Samsung is looking for acquisitions in Silicon Valley, as part of a drive to improve its weakness in software, The Wall Street Journal reports.
While Samsung has managed to build a dominant position in the smartphone market with its Galaxy range of devices, these are heavily dependent on software from Google to power key services.
This means that Samsung is unable to build deeper relationships with users, who are instead drawn into the wider Android ecosystem controlled by the search giant.
According to the paper, the South Korean company looked at navigation software company Waze, before it was acquired by Google earlier this year. Samsung was said to have approached it to discuss a large investment and partnership.
Companies that have also come into its sights include games platform company Unity Technologies, gaming controller company Green Throttle Games, and Atari, which sold off some assets earlier this year as part of a bankruptcy procedure.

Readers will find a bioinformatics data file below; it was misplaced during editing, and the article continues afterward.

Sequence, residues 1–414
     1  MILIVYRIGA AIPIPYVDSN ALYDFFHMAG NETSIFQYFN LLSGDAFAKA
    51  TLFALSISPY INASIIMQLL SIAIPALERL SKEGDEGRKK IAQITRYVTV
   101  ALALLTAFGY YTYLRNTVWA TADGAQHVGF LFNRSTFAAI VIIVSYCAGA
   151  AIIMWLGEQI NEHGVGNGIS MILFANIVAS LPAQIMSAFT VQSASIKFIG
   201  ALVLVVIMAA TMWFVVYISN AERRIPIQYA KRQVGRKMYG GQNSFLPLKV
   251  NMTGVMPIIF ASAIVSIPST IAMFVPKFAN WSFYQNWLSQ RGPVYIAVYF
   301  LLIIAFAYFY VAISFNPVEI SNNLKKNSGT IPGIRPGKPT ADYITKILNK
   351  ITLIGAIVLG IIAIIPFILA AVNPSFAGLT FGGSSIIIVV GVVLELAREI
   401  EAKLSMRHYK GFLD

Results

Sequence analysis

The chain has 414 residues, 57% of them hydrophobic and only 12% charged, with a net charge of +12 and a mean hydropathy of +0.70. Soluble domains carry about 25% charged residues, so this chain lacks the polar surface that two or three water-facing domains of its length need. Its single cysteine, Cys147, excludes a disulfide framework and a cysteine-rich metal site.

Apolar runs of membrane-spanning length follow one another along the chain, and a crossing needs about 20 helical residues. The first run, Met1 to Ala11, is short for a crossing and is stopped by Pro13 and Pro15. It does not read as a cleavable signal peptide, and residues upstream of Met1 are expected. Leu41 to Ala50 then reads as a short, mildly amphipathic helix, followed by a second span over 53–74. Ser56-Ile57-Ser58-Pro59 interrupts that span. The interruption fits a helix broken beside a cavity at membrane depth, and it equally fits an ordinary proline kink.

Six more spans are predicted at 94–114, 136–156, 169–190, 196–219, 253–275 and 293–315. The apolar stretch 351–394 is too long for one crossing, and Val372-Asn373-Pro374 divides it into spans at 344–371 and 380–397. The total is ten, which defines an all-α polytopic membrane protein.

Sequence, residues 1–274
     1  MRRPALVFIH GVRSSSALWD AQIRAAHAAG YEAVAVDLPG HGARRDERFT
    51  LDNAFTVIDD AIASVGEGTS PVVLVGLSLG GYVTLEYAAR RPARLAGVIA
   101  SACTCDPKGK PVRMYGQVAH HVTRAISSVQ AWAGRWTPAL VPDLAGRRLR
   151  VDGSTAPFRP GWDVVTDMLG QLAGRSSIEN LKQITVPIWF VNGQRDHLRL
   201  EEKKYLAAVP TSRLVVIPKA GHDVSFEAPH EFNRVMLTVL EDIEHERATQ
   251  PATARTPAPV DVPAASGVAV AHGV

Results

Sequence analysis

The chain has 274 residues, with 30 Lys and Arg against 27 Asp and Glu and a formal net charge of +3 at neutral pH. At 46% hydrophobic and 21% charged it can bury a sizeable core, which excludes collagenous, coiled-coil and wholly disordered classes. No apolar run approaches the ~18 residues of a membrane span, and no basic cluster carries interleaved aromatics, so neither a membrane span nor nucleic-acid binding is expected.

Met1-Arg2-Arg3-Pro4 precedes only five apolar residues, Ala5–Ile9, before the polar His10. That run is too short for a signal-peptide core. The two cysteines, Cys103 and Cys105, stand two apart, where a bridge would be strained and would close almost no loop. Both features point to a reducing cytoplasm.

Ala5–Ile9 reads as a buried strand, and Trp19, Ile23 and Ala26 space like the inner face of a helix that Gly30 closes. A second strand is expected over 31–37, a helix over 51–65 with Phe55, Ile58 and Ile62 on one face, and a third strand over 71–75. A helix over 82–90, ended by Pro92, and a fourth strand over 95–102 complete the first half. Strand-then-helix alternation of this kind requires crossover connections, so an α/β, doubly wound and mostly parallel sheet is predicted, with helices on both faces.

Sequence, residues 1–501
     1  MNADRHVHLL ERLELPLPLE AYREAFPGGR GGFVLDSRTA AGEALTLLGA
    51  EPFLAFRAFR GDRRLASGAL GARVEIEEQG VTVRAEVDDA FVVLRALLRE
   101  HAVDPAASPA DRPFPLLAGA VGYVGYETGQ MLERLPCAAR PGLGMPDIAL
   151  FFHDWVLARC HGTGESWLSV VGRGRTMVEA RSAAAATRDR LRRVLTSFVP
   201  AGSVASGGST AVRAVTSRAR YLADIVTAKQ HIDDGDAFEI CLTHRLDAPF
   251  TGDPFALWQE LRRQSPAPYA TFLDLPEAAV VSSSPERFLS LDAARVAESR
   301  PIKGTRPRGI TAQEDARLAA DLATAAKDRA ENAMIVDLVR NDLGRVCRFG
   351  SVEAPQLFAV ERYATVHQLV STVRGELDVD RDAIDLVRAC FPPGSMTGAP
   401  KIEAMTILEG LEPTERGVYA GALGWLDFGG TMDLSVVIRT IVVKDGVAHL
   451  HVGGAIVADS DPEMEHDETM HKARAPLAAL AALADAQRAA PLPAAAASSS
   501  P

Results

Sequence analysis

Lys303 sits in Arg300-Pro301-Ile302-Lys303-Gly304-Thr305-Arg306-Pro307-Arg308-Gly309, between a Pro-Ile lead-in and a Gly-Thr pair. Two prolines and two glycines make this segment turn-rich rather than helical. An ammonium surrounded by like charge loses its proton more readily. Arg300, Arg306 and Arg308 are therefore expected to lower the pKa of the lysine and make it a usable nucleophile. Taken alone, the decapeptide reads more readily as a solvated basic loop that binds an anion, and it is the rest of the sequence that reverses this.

Other potential targets include location services company Glympse (with discussions apparently still ongoing), Everything.me (which counts Telefonica and Mozilla among its investors), and video chat app Rounds.
Last year, Samsung acquired music services player mSpot, which went on to power its Music Hub service.
Next month, the South Korean company is also set to hold a developer conference in San Francisco, intended to help build its own relations with participants – rather than the company being just another member of the Android device maker base.
Samsung already offers a set of tools designed to enable developers to access features specific to its devices, such as the S Pen stylus used in the Galaxy Note line.
It is also heavily involved in the Tizen operating system, although it has yet to officially announce a device powered by the platform.
In order to compete with devices powered by Apple’s iOS, Android and even Windows Phone, Tizen will need to offer access to a compelling set of consumer apps, content and services.